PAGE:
Upstate to be part of SUNY effort to build sustainable village, learning environment in Haiti
SYRACUSE, N.Y.-- Upstate Medical University will join nine other SUNY campuses and five not-for-profit organizations in a statewide collaboration to establish a sustainable village and learning community (SLVC) in Haiti that will provide resources and services for the town of Akayè.
Each campus in the collaboration was selected to bring expertise in a certain specialty to the community. Upstate, along with Stony Brook University and Nassau Community College is part of the Health and Wellness working group.
Other campuses and their specialties include University at Albany (international development for management), Binghamton University (public administration), University at Buffalo (social work), Buffalo State College (performing arts), SUNY Cobleskill (agriculture and fisheries), SUNY-ESF (landscape architecture) and SUNY New Paltz (disaster mental health).
“Our involvement in our communities in Central New York and in our global communities around the world is all part of the academic mission and strategic plan of Upstate Medical University to create a healthier world,” said Danielle Laraque-Arena, MD, FAAP, president of Upstate Medical University.
Upstate’s participation in the initiative is being coordinated through the university’s Center for Global Health and Translational Science. “This is precisely the type of opportunity that our center should be engaged in,” said the center’s director, Mark Polhemus, MD, associate professor of medicine, and microbiology and immunology. “This global outreach from Upstate sets us on a path toward building a sustainable village that can impact lives, the environment and health equity in Haiti through education, clinical care and research.”
As part of the Health and Wellness work group, Upstate’s Janice Bach, MD, assistant professor of pediatrics, and Bonnie Grossman, MD, assistant professor of emergency medicine, are in Haiti to visit Mirabalais Hospital and St. Marc Hospital. Bach and Grossman are looking at these facilities as models (using the World Health Organization’s Framework for Action for strengthening health systems to improve health outcomes) to help guide development efforts in Akayè.
Other objectives to be addressed by the Health and Wellness group include:
- To Propose a Health Center model with the aim of reducing Health Inequity for the community of Akaye, Haiti, by addressing its unmet healthcare needs.
- To build the healthcare capacity of the community through proposed training programs.
- To develop the educational and research capacity of the healthcare community and partner Universities through proposed educational programs.
- To integrate SUNY faculty and students into the proposed programs with the twofold purpose of maximizing the impact of the clinical services as well as the educational and research capacity, and building efforts and enhancing the educational impact for SUNY faculty and students that will also encourage and stimulate long-term involvement in the global community.
The SUNY collaboration is funded by a nearly $800,000 grant from the W.K. Kellogg Foundation to support the project that will support the project, which will develop educational, economic and social programs, resources, and other needed services on 40 acres of land donated by a Nassau Community College professor emeritus.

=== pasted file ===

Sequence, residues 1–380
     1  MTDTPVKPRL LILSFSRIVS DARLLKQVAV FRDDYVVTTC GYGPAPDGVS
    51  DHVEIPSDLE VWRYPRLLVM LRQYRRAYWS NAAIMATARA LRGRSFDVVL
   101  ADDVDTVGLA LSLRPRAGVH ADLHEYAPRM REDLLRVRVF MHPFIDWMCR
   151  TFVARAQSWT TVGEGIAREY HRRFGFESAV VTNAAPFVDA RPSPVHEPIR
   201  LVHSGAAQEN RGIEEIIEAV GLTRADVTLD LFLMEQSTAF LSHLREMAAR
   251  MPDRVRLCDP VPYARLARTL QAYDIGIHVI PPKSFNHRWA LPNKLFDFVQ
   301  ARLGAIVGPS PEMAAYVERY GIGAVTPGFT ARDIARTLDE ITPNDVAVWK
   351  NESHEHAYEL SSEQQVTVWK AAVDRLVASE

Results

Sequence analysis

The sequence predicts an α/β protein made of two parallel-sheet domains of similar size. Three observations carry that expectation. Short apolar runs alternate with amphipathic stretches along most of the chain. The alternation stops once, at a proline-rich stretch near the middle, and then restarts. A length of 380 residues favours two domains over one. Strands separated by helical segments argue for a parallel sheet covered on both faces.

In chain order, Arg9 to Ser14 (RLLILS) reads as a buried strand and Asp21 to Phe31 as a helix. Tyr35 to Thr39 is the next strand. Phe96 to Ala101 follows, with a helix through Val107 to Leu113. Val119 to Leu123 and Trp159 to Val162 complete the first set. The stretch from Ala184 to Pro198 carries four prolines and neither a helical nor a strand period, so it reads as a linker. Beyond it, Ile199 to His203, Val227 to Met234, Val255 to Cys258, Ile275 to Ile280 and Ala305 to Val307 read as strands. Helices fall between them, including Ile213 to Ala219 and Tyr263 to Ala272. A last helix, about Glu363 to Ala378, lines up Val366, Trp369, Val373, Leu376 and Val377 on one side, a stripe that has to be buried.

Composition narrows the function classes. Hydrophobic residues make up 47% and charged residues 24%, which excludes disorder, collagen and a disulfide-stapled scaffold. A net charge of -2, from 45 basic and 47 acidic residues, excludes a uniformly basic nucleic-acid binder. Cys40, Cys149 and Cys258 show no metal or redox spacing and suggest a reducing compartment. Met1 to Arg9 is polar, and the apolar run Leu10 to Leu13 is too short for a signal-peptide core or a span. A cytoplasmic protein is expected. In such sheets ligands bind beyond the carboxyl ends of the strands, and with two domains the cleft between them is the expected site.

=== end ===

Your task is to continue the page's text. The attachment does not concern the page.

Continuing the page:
The five not-for-profit organizations partnering on the project are: African Methodist Episcopal Church Service and Development Agency (AME-SADA), Effort Commun Pour Le Developpement de L'Arcahaie (ECODA), Haiti Development Institute, Hope on a String and YouthBuild International.
About the collaboration, SUNY Board of Trustee Chairman H. Carl McCall said: “It is SUNY’s honor to be able to extend our hand in friendship to the people of Akayè, Haiti, through our shared focus on education while providing valuable learning opportunities for students, faculty, and staff from throughout our System.
“This project began with a generous donation of 40 acres of land in Akayè from Nassau Community College Professor Emeritus Carmelle Bellefleur, PhD, RN, whose vision has led us to today’s announcement,” McCall said. “It is an enormous point of pride for SUNY to collaborate with the people of Haiti as we establish a sustainable learning community to farm the land and provide food, build a medical center to increase health and wellness, and deliver much-needed services and economic development across many sectors.”
SUNY Chancellor Kristina M. Johnson said: “SUNY’s capacity to serve communities throughout New York State and around the globe knows no bounds. Thank you to each of our campuses, which will each provide distinct expertise to the project, to our partnering organizations, and to the Kellogg Foundation. This project will provide immeasurable opportunity for those in Haiti as well as the students, faculty, staff participating from across SUNY.”
The Center for Global Health and Translation Sciences is involved in numerous international projects. One of the most high-profile activities has been its work on finding ways to halt the spread of the mosquito-borne diseases like the Zika and dengue virus in South American nations, like Ecuador, where mosquito-borne illness is common.
Caption: As part of the collaboration Upstate faculty members Janice Bach, MD, right, and Bonnie Grossman, MD, are in Haiti to visit Mirabalais Hospital and St. Marc Hospital. Bach and Grossman are looking at these facilities as models (using the World Health Organization’s Framework for Action for strengthening health systems to improve health outcomes) to help guide development efforts in Akayè